Since running a huge 2nd in last year’s Preakness, it seems that no one talks about Itsmyluckyday anymore. I wonder why. Maybe because he was injured in the Pegasus, or maybe because he lost his first race back after the injury. Don’t look now, but Itsmyluckyday is back, and I think he is too good to be ignored for much longer. Yesterday’s facile score in the Grade Salvator Mile on United Nations Day at Monmouth Park was his third straight, and it reminded me more than a little of the really good horse we saw dominate the Gulfstream Park Derby and Holy Bull Stakes early last year. Granted he has yet to race against grade 1 competition since the aforementioned strong run at Pimlico, but I think it only a matter of time before the son of Lawyer Ron is back in the deep end of the pool. As of now, it looks like the Grade 2 Monmouth Cup at the end of the month will be next. Perhaps it is the best possible thing for the seven-time stakes winner that his trainer, Eddie Plesa, Jr. is more than willing to bring him back against less than the best for now, building his confidence until he is completely ready to strike. When that time comes, I look for Itsmyluckyday to look more like a shark than a guppie.
Chad Brown two times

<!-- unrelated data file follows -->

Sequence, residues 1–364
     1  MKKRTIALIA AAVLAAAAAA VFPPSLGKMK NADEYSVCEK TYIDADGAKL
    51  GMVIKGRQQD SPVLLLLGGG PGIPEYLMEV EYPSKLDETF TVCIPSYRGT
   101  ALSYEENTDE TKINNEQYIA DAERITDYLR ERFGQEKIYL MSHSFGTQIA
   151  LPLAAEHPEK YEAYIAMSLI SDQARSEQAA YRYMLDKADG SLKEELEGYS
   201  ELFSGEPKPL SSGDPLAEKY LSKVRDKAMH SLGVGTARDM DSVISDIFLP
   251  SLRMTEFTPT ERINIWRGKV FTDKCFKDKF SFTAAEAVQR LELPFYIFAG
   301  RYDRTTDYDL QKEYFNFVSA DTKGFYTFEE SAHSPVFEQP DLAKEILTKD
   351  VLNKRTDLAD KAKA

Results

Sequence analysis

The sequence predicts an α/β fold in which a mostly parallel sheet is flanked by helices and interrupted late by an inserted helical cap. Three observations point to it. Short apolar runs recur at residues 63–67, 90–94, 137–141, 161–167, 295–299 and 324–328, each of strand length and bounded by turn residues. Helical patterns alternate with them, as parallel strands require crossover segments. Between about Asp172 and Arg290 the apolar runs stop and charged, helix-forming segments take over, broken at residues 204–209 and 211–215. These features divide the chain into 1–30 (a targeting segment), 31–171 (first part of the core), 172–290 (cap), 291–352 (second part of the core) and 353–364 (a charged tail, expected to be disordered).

It may have not rivaled the incredible card on Belmont Stakes Day, but the second huge afternoon of the grand NYRA experiment, the Stars and Stripes card on July 5, was another successful day of racing at Belmont. With 5 stakes races on the program, there were plenty of big winners, but perhaps none more so than the baby faced assassin, Chad Brown. In consecutive races the top trainer took home the big prize with two horses that could not have much less in common. First, in the Grade 2 Suburban Handicap, it was the confirmed statebred, Zivo, who made his first foray into open stakes company an amazing success. Taking full advantage of an opening on the rail, the five-year-old son of the little known sire, True Direction, swept to a surprisingly easy three length victory over a full field of eleven. Despite having won five in a row going in, only the most astute (not me) handicapper saw this one coming, as Zivo paid a healthy $29.40 for the win. In the next race, it was a well intended, young Kentucky bred filly, by way of Ireland, who would get the job done against a full field for Chad Brown. Minorette may have been 0-for-2 since arriving on American turf this year, but she had shown enough promise to gain solid support at 6-1 in the million dollar race. Taking full advantage of slow early splits, Minorette stalked and pounced, and despite a game effort from the pacesetter, Sea Queen, she powered away to win by two lengths. A solid performance that now qualifies her for the Breeders’ Cup Filly & Mare Turf.